photo 39Luke 20 verse 25 “Then give to Caesar what is Caesar’s and to God what is God’s”

The Temple leadership were very troubled by Jesus and tried to discredit him in every way they could. They had challenged him on the matter of his religious authority. He answered them by telling them a story of a vineyard which showed that he was the Son of the true Owner of the Vineyard, God himself.

But now the question changes. The issue now is: What does Christ’s claim to be King mean in relation to the political powers of the day? They now decide to trap him politically and hopefully destroy him.

Remember what the payment of taxes to the Romans meant to the Jews. It was a very great grievance to them, which is why tax collectors in Jewish society were so despised. Some resented paying taxes merely because they were poor and struggling, as it is with many people around the world today. But others rejected the payment of taxes because of nationalistic feelings. Some even held that to pay taxes to Rome was an offence to God. It was to misuse their revenue that should rightly go to God who was the true ruler of Judah.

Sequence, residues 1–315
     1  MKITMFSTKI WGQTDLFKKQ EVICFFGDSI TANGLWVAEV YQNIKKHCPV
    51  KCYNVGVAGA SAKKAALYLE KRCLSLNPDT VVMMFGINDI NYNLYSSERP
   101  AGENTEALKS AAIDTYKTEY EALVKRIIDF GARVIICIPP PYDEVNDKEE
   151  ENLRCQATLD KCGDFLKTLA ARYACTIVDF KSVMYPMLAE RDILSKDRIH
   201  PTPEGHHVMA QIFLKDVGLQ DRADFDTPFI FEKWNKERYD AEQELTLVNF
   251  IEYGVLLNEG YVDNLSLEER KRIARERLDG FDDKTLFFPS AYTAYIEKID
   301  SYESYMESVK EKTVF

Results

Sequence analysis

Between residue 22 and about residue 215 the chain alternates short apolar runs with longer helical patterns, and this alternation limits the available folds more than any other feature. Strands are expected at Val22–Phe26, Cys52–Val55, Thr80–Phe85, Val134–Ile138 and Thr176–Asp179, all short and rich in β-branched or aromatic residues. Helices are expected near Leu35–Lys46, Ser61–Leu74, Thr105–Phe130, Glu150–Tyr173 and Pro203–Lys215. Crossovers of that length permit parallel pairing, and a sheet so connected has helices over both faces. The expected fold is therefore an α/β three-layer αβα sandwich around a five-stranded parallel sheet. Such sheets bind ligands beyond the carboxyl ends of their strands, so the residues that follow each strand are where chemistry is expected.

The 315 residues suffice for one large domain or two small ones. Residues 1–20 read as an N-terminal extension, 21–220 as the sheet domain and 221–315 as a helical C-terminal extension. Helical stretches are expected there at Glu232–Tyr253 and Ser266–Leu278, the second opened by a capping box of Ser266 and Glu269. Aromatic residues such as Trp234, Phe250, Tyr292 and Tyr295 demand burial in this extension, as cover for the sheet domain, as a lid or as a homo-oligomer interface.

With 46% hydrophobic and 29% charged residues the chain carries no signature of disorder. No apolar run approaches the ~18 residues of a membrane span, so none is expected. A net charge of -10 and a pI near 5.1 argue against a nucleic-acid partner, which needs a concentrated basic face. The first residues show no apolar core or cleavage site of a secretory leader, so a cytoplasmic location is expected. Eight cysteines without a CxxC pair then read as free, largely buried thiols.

In their minds any Messianic figure who taught it was a religious duty to refuse to pay taxes to Rome would have a huge following. But the nation’s current leadership – especially the high ranking priests were cautious because they knew they were in power only because the Romans allowed it. They did not want the status quo changed at all. So they waited for the right moment then challenged Jesus with the question in verse 21. But don’t forget to read verse 20 so that you can clearly understand their motives.

Was it right to pay taxes or not? If he said “yes”, he would immediately alienate the masses and he would be discredited as a Teacher. If he said “no”, then they could report him to the Roman authorities who would have him executed for political subversion.

Christ’ answer was proverbial. He laid down the principle. “Pay to Caesar what is Caesar’s and pay to God what is God’s” (verse 25)

The issue Christ highlighted is the issue of ownership, which was the issue in the parable of the vineyard. In the story of the vineyard the workers were usurping the owner’s rights, but Caesar is acting quite within his rights. The chief priests confused different categories in their question. Faith and truth and the justice of God does not mean taking political steps to overthrow the power of Tiberius Caesar, cruel and corrupt though his government was.

The Jewish ideal of restoring a theocratic state by war against Caesar was not on Jesus’ agenda. He came to do the most important thing – to redeem us from our sins.

This is a good reminder for all of us to think wisely in this world. The things of God and the things of Caesar will exist side by side until Jesus comes again and then he will bring his own agenda to its fulfilment. In the meantime the people of God should be good citizens in every way, without idolizing the state.

Be wise